The role of potted plants in decoration should not be forgotten. At one time these would never have been considered subjects for flower, but today pot-et-fleur, or the arrangement of cut and potted plants together, is a style of decoration which is growing in popularity, something which pleases me greatly since I introduced it. Good, long-lasting pot plants are now available to everyone and in ever-increasing variety. While some of them can be expected to last for years, even those kinds whose lives are more fleeting nevertheless last longer than cut flowers, especially in centrally heated homes.
From pot-et-fleur it is not a great step to plant arrangement, an art which on a grandiose, over-lavish, and somewhat tasteless scale was practised by the Victorians and possibly because of their over-indulgence has tended to be forgotten since their time. Today compositions consisting entirely of growing plants, newly planted or remaining in their, are playing a role of increasing decorative importance.
Many of the so-called foliage plants haveas bright as any flower. Those who live in towns or have no gardens would do well to consider these as components of ‘flower’ arrangements. Those with gardens, greenhouses or some other suitable place to raise house-plants will find it both possible and profitable to build up a stock from which a never-ending succession of home decorations can be made.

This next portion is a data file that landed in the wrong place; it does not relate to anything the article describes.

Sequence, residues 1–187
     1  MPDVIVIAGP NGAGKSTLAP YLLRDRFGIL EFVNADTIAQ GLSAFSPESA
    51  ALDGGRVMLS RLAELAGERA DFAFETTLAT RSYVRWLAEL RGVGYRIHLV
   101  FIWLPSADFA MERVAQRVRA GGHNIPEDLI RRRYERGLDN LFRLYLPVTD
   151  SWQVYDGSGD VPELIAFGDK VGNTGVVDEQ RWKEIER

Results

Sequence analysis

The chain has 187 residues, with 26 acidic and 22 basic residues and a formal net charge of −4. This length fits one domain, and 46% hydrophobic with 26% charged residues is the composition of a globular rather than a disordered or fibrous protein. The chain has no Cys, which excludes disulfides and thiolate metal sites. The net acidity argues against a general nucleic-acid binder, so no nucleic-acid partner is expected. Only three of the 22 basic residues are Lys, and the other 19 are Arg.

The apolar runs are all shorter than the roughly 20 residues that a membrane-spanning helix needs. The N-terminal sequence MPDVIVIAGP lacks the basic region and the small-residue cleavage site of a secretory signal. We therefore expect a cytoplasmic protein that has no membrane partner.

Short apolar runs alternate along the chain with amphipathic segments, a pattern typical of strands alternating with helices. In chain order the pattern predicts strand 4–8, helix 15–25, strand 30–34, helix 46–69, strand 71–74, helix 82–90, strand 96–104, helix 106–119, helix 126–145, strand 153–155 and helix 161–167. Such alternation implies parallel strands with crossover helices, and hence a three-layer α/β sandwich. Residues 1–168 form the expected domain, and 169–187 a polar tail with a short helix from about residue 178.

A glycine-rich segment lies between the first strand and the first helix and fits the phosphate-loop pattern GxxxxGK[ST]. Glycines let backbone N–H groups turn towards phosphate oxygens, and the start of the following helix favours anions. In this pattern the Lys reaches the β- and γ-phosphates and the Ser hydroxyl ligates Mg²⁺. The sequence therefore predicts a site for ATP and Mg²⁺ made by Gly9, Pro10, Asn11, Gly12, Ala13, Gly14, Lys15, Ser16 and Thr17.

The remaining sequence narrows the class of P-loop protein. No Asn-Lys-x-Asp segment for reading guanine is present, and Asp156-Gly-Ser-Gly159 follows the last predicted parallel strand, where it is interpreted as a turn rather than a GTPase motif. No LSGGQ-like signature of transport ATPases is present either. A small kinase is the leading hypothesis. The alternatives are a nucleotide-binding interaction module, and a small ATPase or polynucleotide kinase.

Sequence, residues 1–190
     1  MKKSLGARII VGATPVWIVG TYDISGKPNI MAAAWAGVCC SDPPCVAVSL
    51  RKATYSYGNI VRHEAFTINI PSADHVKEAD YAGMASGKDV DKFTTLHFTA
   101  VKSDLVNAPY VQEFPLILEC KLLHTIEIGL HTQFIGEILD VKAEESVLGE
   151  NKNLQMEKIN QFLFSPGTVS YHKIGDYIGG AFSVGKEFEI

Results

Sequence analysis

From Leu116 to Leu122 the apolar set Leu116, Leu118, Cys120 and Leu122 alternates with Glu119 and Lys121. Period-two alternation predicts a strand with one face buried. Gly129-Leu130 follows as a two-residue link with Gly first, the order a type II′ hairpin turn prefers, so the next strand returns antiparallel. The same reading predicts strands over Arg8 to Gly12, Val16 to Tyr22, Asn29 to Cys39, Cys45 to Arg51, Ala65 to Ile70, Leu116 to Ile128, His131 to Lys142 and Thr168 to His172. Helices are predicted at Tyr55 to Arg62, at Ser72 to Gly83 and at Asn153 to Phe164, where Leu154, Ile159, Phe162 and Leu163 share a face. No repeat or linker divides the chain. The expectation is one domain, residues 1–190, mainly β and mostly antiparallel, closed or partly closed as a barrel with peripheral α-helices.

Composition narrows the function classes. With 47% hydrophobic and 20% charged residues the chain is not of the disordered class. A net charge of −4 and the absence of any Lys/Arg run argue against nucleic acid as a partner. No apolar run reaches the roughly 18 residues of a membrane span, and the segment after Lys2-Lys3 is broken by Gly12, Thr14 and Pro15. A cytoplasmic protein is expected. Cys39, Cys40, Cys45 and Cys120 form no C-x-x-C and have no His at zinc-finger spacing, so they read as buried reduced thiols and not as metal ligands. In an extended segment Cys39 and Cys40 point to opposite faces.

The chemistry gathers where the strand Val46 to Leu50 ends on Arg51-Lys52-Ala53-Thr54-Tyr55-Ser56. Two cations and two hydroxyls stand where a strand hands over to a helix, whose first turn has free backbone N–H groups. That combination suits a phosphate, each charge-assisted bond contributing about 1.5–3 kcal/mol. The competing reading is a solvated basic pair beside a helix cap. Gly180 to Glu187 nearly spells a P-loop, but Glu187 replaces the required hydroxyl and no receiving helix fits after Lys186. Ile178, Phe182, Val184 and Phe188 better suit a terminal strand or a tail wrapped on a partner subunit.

Those who regret that flowers when cut are often so fleeting, and who perhaps because of this might be reluctant to spend time on flower arrangement proper, may find a greater pleasure and satisfaction in the arrangement of the entire living plant rather than its part. Like the traditional flower arrangement this form of decoration also offers a great deal more than appears on the surface. It has a particular appeal for those with ‘green fingers’.